Tyler officials delayed a decision on rezoning about 18 acres of property after residents of the Hollytree subdivision spoke out in opposition to the plan.

In the 6-0 vote to delay a decision for 30 days, the Planning and Zoning Commission essentially rejected advice from city of Tyler staff to approve the zoning change.

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An image of the Genecov Group's land proposed for zoning changes as provided in a zoning application on Dec. 3. 

The issue at hand was the Genecov Group’s request to rezone three pieces of property totaling 18.2 acres east of Maple Lane, the north-south road built to connect Hollytree Drive with Cumberland Road.

The Genecov Group helped build Maple Lane in 2018 in order to facilitate future development of more than 400 acres it owns with Roosth Properties LLC. The companies did not announce specific plans for the property at the time but said it could have commercial, residential and retail uses.

The 18.2-acre site is currently zoned for agricultural use, according to documents presented at the Planning and Zoning Commission meeting. The Genecov Group is requesting to change the northwest corner of the land to planned mixed-use, the northeast corner of the land to planned multifamily, and the southern half of the land to commercial.

Kyle Kingma, the planning manager for the city, told the commission that the request should be approved. He said the Hollytree residents do not live within 200 feet of the properties in question, so they do not have legal sway over the zoning.

David Dobbs, a member of the Planning Commission, asked Kingma if it would make sense for the developer to meet with Hollytree residents given the number of people who live in the subdivision.

Kingma said: “We always encourage the applicant to talk to the neighbors, even if they’re not within the 200 feet.”

Pamela Phoenix, a member of the Planning Commission, asked Kingma what the Genecov Group would be seeking to build on the land.

Kingma said that if the proposed zoning changes are approved, the company would be allowed to build whatever is allowed under those zoning classifications.

Heather Nick, the managing director of planning and economic development for the city of Tyler, compared the proposed zoning to the way the city approved zoning for the Village at Cumberland Park based on broader concepts.

“In the beginning, they came up with a conceptual idea of the different areas that could be zoned,” she said. “So basically, ‘What are the uses?’ ‘How is the land going to be laid out?’ and then when they came in later they had more specific uses,” Nick said.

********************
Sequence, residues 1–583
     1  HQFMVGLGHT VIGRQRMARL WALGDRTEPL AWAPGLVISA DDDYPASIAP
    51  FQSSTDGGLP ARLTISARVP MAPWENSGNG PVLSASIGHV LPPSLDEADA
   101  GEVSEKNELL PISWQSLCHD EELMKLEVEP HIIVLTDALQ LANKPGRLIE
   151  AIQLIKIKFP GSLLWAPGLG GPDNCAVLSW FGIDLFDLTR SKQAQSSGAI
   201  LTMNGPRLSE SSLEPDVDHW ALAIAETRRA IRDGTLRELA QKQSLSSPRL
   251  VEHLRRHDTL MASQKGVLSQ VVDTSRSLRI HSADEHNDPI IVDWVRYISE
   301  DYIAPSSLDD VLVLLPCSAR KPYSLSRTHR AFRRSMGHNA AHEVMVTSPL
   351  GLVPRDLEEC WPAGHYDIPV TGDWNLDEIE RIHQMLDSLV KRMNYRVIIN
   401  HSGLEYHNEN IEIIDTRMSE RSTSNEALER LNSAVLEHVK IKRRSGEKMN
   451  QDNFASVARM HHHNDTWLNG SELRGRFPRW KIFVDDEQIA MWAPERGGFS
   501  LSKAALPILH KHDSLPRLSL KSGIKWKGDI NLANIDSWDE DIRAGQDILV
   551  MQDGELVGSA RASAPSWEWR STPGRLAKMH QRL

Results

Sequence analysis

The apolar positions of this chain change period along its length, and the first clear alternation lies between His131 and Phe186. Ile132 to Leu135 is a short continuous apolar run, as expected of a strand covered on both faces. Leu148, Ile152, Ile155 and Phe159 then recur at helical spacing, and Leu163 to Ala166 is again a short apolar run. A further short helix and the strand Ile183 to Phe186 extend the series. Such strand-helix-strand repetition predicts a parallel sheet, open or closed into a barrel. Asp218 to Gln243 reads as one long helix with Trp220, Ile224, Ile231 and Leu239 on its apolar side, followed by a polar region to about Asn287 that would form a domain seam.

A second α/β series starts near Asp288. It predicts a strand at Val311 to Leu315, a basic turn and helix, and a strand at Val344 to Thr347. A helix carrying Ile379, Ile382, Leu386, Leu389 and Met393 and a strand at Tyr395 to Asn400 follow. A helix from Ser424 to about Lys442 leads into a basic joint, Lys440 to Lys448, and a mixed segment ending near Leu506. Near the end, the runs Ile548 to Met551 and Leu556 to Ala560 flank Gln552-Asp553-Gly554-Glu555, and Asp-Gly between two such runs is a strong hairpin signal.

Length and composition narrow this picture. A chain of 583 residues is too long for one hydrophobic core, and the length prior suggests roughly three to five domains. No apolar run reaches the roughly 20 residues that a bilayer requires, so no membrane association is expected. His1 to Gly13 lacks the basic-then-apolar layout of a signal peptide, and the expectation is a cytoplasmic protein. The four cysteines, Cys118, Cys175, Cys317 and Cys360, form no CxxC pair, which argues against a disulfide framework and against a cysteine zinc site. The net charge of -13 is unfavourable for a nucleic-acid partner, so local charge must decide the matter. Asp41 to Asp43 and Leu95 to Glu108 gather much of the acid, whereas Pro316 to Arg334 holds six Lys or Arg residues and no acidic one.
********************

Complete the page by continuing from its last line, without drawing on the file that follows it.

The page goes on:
A standing-room-only crowd attended the meeting, including about a dozen who identified themselves as residents of Old Farm Road, the southern-most residential street in the Hollytree subdivision.

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Mark Priestner, of Planning Concepts, speaks on behalf of the Genecov Group at a meeting of the Tyler Planning and Zoning Commission. (Erin Mansfield/Tyler Morning Telegraph) 

Mark Priestner, from the company Planning Concepts, represented the Genecov Group at the meeting. He addressed the Planning Commission first, saying he was aware of concerns from Hollytree residents and planned to meet with appropriate homeowners associations.

Priestner said some residents might be concerned because the multifamily zoning classification may imply that the property owner wants to build an apartment complexes, such as low-income housing. He said that is not what the owner envisions.

“This large tract (of land) has been looked at for a long time, and one of the goals that we had was to look at this tract and start looking at what would be appropriate land use,” Priestner said of the project. He said any multifamily homes envisioned would be more similar to duplexes than apartment buildings.

However, 10 in the crowd came to the microphone to speak against the project.

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Janna McClure, who lives in Hollytree, addresses the Tyler Planning and Zoning Commission at a meeting on Jan. 8, 2019 in Tyler, Texas. (Erin Mansfield/Tyler Morning Telegraph)